Portable alpha is the more widely known–and sought–form of investment returns, but endowments, which tend to be in the vanguard of developing investment trends, have started to use a reverse approach called portable beta. The key word is portable–meaning returns from exposure to a market, any market, are separated from over-benchmark profits made by skilled managers.

The revolutionary aspect is the departure from traditional asset allocation, where an investor seeks managers in a certain market in order to allocate a portion of the portfolio to that asset bucket. Hence there’s a search for, say, a mid-cap U.S. equity manager.

With the portable approach, the search for top-performing managers as a source of alpha is separate from the desire to get market return on an asset class, the beta. An investor may want to be in the mid-cap U.S. equity market but also find a promising manager who trades Asian bonds.

With the new paradigm, one gets mid-cap U.S. equity exposure from an index, and hopes to add to the return by investing in the Asian bond fund. Alpha can come from any strategy, which can be exotic enough not to fit into an asset allocation pie chart: The goal is not to get exposure to a market but to receive above-market returns.

“In the last year or two there has been an incredible increase in interest in portable alpha as a way to add expected return to all asset classes, including fixed income and inflation-protected securities,” wrote Morgan Stanley Alternative Investment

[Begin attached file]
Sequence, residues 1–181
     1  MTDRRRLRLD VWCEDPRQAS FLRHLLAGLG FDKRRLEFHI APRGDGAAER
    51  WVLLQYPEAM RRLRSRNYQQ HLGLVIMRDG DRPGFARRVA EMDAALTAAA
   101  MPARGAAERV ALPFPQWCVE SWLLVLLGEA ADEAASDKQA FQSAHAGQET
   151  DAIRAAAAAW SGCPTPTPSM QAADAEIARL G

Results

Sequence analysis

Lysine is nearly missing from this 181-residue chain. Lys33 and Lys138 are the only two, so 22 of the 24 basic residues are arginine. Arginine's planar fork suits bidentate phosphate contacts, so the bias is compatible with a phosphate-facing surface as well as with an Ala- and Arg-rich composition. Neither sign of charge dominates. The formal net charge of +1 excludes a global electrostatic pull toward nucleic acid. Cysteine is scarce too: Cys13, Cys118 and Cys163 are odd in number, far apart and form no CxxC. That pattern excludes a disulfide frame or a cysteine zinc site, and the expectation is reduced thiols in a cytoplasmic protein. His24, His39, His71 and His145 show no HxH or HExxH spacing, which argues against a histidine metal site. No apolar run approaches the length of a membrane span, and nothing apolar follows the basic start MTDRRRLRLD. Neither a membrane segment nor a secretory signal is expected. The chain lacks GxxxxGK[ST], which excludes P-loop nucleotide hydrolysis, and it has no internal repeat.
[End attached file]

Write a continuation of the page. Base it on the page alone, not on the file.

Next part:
Partners Managing Director John Coates in a recent publication from the bank.

He described the method as one of the paradigm shifts in investment management and cited a 2005 survey in which 33% of large companies reported using portable alpha programs and 23% were considering them.

In the same study, 15% of public pension plans participating in the survey were using portable alpha, but 37% said they were considering using the method. That last number suggests there’s a lot of growth to come in such programs.

There are two directions from which you can port the return. You can add alpha to an index, as Harvard University’s former investment chief, Jack Meyer, is doing in his new hedge fund firm.

Meyer’s Convexity Capital is using fixed-income strategies to deliver alpha on top of an index of the investor’s choice. Judging from the $5 billion Convexity raised at launch, there are plenty of takers.

Some endowments that have long been investing in hedge funds and other alternatives are moving from the other direction, adding an overlay of conservative investments to the alpha they’re already getting. In other words, they’re porting the beta.

Morgan Stanley’s Coates warns that the search for sources of alpha requires much skill and work. With that caveat, “Portable alpha strategies can help improve portfolio performance, in terms of return and risk, for institutional investors of all stripes,” he wrote.–Jeff Joseph and Chidem Kurdas

Chidem Kurdas is the New York Bureau Chief at HedgeWorld; Jeff Joseph is managing director of Rydex Capital Partners and serves on the advisory board of HedgeWorld (www.hedgeworld.com), a global provider of hedge fund information and investment products.

Have a question about hedge funds? Feel free to contact Jeff Joseph at jjoseph@rydexfunds.com.

For inquiries about HedgeWorld’s services, e-mail inquiry@hedgeworld.com.

Jeff Joseph is managing director of Rydex Capital Partners and serves on the advisory board of HedgeWorld (www.hedgeworld.com), a global provider of hedge fund information and investment products.

Have a hedge fund question? Contact Jeff Joseph at jjoseph@rydexfunds.com.

For inquiries about HedgeWorld’s services, e-mail inquiry@hedgeworld.com.